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Have fun but remember safety when enjoying winter sports       Send a link to a friend

[JAN. 13, 2005]  Winter sports are a lot of fun but, when combined with the cold outdoor weather, can put a great strain on the body. If you participate in winter sports, it is important to be in good physical condition and properly dressed for the weather. It also is important that your equipment is in good condition. Below are safety tips for your sledding, snowmobiling, skiing and ice skating.

Sledding  |  Snowmobiling  |  Skiing  |  Ice skating


A safe sled, especially one that children use, should have these features:

  • Secure handholds
  • Easy steering
  • No protruding rivets
  • No sharp edges
  • Bumper or guard over the metal front bar
  • No split or splintered wood
  • No bent metal parts
  • Sled runners that curve around to the top and connect with the side rails
  • Sharp runners that are free from rust

For safety when sledding, follow these simple rules:

  • Look over the area where you will be sledding. Remove any debris from the slope and note the locations of any bumps. Know how to steer clear of ditches and trees.
  • Teach children not to roughhouse, push or shove others.
  • Before starting down a slope, make sure the person sledding before you is clear from your path, to avoid accidents. And when you reach the bottom, move quickly out of the way.
  • When walking back up the slope, use a side path out of the way of other sledders coming down.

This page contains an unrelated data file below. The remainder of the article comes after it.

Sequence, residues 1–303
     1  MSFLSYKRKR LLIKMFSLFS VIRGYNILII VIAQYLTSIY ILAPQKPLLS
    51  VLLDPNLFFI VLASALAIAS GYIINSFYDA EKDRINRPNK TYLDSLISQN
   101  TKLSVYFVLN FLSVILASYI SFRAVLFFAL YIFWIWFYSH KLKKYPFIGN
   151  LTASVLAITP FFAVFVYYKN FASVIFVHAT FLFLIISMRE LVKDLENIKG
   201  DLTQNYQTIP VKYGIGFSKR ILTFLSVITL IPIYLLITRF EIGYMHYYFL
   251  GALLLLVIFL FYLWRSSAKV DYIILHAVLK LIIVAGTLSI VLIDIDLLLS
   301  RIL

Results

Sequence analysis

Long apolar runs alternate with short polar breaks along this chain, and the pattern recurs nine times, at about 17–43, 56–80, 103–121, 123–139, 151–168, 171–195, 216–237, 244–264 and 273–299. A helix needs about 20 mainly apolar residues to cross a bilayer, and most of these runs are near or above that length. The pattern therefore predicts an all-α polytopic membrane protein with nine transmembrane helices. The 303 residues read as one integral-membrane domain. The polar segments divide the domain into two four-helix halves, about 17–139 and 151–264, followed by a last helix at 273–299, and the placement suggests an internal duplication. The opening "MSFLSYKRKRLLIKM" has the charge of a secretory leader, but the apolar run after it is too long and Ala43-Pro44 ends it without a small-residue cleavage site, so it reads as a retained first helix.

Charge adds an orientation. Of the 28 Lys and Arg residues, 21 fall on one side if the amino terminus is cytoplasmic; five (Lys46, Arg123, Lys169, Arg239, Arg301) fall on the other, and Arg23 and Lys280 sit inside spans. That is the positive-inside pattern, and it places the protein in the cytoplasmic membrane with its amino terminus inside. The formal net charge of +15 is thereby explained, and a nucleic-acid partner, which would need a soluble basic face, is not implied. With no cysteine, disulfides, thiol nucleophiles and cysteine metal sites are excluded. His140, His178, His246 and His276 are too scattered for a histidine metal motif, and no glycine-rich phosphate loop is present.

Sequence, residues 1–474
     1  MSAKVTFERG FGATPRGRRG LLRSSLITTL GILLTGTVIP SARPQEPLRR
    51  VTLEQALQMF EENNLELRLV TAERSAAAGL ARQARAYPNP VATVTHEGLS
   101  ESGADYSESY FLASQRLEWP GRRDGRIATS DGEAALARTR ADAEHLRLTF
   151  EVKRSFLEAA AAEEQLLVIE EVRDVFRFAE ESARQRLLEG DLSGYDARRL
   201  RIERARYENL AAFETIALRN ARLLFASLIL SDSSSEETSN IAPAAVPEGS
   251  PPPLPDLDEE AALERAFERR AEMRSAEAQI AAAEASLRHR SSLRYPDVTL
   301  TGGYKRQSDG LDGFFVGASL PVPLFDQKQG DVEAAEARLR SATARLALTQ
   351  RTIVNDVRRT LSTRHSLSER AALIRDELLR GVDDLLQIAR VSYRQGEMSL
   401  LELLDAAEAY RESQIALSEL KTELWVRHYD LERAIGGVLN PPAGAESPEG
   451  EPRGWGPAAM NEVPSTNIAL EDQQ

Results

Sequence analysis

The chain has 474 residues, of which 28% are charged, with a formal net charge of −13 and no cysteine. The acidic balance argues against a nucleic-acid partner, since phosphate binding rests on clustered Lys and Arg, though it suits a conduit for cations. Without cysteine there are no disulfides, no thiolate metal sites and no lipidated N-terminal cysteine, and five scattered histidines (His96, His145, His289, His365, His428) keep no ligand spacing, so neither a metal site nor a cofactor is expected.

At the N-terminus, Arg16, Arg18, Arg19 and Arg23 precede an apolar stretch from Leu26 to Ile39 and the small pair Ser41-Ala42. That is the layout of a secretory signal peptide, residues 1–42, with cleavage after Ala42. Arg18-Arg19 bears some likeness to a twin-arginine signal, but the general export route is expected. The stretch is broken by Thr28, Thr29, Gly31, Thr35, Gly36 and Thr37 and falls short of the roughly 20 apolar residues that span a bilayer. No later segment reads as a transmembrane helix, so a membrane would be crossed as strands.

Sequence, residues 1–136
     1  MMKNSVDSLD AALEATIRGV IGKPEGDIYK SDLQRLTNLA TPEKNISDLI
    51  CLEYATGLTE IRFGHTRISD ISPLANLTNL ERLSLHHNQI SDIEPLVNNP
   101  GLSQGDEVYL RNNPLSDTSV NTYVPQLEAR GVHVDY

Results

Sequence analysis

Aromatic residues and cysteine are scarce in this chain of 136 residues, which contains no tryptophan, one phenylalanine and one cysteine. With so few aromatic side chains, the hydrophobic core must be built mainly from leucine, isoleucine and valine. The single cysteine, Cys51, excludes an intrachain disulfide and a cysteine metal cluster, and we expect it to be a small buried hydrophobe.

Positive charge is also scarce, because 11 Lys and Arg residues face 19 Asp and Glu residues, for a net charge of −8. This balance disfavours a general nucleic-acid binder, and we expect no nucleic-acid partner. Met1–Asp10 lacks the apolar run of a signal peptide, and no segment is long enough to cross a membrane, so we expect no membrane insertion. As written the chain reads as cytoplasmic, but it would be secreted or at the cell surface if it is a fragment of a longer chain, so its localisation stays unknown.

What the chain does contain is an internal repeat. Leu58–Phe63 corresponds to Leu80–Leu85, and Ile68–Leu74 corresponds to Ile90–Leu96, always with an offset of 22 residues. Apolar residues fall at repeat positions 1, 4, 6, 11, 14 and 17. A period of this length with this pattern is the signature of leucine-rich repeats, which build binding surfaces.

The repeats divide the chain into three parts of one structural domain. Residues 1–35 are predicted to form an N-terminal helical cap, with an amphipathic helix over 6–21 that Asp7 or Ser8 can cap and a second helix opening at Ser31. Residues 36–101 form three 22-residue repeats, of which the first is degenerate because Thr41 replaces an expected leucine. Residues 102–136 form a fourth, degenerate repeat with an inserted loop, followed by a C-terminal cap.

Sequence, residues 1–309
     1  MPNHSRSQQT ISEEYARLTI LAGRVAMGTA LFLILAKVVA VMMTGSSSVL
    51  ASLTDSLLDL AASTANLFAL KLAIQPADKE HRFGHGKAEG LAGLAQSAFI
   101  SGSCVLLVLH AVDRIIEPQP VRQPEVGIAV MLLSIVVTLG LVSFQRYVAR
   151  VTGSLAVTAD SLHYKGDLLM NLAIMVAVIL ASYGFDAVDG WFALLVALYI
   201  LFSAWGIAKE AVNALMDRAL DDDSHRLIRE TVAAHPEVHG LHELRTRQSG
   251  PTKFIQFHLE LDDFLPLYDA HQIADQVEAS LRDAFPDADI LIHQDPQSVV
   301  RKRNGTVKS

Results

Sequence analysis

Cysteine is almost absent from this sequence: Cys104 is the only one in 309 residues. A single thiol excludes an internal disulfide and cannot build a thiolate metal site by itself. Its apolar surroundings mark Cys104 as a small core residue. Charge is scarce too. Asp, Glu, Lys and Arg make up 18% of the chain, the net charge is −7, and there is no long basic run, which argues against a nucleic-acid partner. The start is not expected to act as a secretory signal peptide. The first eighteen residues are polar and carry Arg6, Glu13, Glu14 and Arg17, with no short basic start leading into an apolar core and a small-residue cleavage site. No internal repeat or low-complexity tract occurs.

• Know how to stop the sled and how to get off a moving sled safely in an emergency.
  • Avoid sledding on roads or anywhere near traffic. Do not sled on hills that end in a street.


As snowmobiling grows in popularity, it is important to keep these safety factors in mind when riding. Before leaving:

  • Check the fuel and oil levels. Keep in mind your return trip.
  • Make sure the headlights and taillights work.
  • Test the emergency stop switch.
  • Move the throttle to make sure it is not frozen in the "on" position, and check the steering system to make sure it moves freely.
  • Dress appropriately for the weather. Wear a helmet. Goggles are a must to protect eyes from branches, thorns, snow and cold. Scarves are not recommended because they may get caught in the machinery.
  • Tell someone where you are going and when you expect to be back. Never go alone.

Once you start to ride, remember these safety rules:

  • Generally, it is unlawful to drive or operate a snowmobile on Illinois roadways. Contact the Illinois Department of Natural Resources at (217) 782-6431 or by TTY, for hearing-impaired use only, at (217) 782-9175 for complete rules regarding where a snowmobile may be operated.
  • Do not drink and operate a snowmobile. Individuals suspected of operating snowmobiles while under the influence of alcohol or drugs will be required to undergo chemical testing. The law is similar to those covering automobile and watercraft operation. An individual convicted of operating a snowmobile while under the influence can face a jail term, fine and suspension of his or her operating privileges.